Is Corynebacterium striatum serious?
striatum can cause serious infections in immunocompetent hosts, as well6. In addition, cases of patient-to-patient spreading of C. striatum with serious nosocomial outbreaks are described in intensive care units. Therefore, in many countries, nowadays, C.
Where is Corynebacterium striatum found?
It is generally found as a ubiquitous microorganism, and, as a commensal of humans, colonising the nasopharynx. It has recently been recognised as an emerging pathogen although the genus of Corynebacterium is not usually considered to be pathogenic.
Is Corynebacterium striatum normal flora?
This species is part of the normal flora of the nose and skin. It is a rare cause of pulmonary infection, particularly in patients with chronic obstructive airway disease or those who are intubated. Transmission to mechanically ventilated patients in an intensive care unit has been documented.
How do you treat Corynebacterium?
Antibiotics are the treatment of choice for nondiphtherial corynebacteria infections. Many species and groups are sensitive to various antibiotics, including penicillins, macrolide antibiotics, rifampin, and fluoroquinolones. However, antibiotic susceptibility can vary, and susceptibility testing is recommended.
Does doxycycline cover Corynebacterium striatum?
The susceptibilities of 265 strains of Corynebacterium species and other non-spore-forming gram-positive bacilli to 18 antimicrobial agents were tested. Most strains were susceptible to vancomycin, doxycycline, and fusidic acid.
Can Corynebacterium cause endocarditis?
Non-diphtheriae Corynebacterium are regarded as contaminants when found in blood culture. Currently, Corynebacterium striatum is considered one of the emerging nosocomial agents implicated in endocarditis and serious infections.
How is Corynebacterium transmitted?
Diphtheria is an infection caused by strains of bacteria called Corynebacterium diphtheriae that make toxin. Diphtheria spreads from person to person, usually through respiratory droplets, like from coughing or sneezing. It can also spread by touching open sores or ulcers of someone with a diphtheria skin infection.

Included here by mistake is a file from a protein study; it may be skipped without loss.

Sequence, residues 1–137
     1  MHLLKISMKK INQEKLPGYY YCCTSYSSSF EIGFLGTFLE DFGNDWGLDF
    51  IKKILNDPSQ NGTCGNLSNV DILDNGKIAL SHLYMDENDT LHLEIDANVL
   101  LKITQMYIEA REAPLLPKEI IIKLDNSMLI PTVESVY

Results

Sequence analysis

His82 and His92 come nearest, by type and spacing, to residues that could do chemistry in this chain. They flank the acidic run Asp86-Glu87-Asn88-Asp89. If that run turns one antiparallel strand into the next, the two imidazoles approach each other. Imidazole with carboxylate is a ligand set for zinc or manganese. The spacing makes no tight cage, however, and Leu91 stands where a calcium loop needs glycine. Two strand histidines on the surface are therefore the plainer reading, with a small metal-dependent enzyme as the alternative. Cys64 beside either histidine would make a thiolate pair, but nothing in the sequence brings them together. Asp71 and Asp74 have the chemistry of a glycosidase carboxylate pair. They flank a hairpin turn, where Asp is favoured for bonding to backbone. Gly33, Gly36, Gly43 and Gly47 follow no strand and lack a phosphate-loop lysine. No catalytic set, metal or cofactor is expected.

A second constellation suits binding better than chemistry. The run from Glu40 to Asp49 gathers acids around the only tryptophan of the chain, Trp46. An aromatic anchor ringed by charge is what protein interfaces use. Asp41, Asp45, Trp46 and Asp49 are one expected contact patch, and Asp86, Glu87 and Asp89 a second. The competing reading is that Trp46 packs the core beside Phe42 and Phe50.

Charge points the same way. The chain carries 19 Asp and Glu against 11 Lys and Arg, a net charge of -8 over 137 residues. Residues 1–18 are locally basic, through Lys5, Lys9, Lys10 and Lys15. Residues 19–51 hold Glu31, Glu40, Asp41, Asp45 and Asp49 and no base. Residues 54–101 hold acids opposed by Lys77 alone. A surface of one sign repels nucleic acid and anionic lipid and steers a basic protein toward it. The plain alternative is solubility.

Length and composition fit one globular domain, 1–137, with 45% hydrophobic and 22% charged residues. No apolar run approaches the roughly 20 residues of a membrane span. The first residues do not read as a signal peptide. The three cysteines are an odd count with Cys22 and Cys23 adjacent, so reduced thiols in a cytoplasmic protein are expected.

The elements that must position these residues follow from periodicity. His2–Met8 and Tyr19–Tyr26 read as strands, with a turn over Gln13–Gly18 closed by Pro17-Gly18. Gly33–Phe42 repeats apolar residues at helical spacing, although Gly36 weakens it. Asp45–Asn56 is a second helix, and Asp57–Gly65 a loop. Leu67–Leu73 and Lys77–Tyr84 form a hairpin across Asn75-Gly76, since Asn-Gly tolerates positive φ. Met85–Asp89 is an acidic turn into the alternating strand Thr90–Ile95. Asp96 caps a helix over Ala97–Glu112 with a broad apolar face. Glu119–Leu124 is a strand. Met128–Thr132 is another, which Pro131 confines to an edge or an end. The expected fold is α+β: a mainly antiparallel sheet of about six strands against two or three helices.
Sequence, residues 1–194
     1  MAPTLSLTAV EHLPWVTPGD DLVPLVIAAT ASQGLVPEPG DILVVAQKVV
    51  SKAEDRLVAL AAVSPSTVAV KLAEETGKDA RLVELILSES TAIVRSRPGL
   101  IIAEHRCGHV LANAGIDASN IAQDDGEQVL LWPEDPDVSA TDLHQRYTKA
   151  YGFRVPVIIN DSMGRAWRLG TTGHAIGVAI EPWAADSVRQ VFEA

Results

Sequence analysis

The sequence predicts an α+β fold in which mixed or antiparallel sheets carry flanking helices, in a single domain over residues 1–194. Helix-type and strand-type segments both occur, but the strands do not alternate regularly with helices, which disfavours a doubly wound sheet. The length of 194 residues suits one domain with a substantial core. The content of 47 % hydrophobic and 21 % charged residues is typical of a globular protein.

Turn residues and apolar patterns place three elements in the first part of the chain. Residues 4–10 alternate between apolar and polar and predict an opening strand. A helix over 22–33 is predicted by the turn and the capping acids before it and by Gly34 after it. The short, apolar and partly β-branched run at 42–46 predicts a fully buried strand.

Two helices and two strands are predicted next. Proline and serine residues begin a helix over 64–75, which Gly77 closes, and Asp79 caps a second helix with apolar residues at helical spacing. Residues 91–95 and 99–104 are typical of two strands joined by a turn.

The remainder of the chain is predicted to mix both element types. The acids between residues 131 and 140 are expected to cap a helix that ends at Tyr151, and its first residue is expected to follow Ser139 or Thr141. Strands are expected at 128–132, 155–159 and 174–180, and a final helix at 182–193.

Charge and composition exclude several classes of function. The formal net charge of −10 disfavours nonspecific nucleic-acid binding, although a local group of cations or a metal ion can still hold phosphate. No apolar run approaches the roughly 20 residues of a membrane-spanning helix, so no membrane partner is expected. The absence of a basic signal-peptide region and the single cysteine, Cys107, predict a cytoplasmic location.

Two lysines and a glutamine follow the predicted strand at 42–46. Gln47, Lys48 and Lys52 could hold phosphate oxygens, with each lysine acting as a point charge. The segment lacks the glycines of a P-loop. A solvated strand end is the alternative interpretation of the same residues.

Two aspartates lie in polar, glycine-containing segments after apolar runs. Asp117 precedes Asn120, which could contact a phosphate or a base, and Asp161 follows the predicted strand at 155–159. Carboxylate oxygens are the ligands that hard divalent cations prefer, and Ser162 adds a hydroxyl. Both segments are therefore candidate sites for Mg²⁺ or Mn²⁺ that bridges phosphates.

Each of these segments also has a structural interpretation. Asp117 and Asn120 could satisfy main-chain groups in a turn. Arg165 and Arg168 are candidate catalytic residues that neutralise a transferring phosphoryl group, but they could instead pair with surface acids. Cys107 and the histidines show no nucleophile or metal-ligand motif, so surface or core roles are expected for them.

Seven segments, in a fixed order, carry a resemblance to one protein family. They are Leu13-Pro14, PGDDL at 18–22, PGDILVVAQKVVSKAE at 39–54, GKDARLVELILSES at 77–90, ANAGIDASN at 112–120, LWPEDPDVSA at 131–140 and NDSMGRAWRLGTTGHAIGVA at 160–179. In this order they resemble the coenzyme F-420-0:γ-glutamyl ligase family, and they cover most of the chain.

Is Corynebacterium contagious?
Diphtheria is a highly contagious and potentially life-threatening bacterial disease caused by Corynebacterium diphtheriae. There are two types of diphtheria: respiratory and cutaneous.
Can Corynebacterium cause disease?
Diphtheria is a serious infection caused by strains of bacteria called Corynebacterium diphtheriae that make toxin (poison). It can lead to difficulty breathing, heart failure, paralysis, and even death. CDC recommends vaccines for infants, children, teens, and adults to prevent diphtheria.
Is Corynebacterium a contaminant?
Corynebacterium is a genus that can contaminate blood cultures and also cause severe infections like infective endocarditis (IE).
Is Corynebacterium striatum a potential pathogen?
Corynebacterium striatum: an emerging respiratory pathogen Corynebacterium spp. must be considered potential pathogens. Suspicious isolates should be identified to the species level since Corynebacterium striatum is often multi-drug resistant. Corynebacterium spp. must be considered potential pathogens.
Which antibiotics are used to treat Corynebacterium Striatum infection?
Alternatively, linezolid, teicoplanin or daptomycin may be used in severe infections, while amoxicillin-clavulanate may be used to treat mild infections caused by C. striatum. Keywords: Corynebacterium striatum, Invasive infection, Antibiotic treatment, Systematic review
What is Corynebacterium minutissimum?
Corynebacterium minutissimum is yet another member of the normal flora on human skin but it can be associated with the polymicrobial disease erythrasma. Erythrasma is a skin infection characterized by scaly, reddish patches in areas where skin surfaces touch, such as the groin.
Is Corynebacterium striatum endocarditis associated with congenital lymphedema?
An unusual case of Corynebacterium striatum endocarditis in a patient with congenital lymphedema and rheumatic heart disease. Indian Heart J. 2016;68(Suppl 2):S271–S273.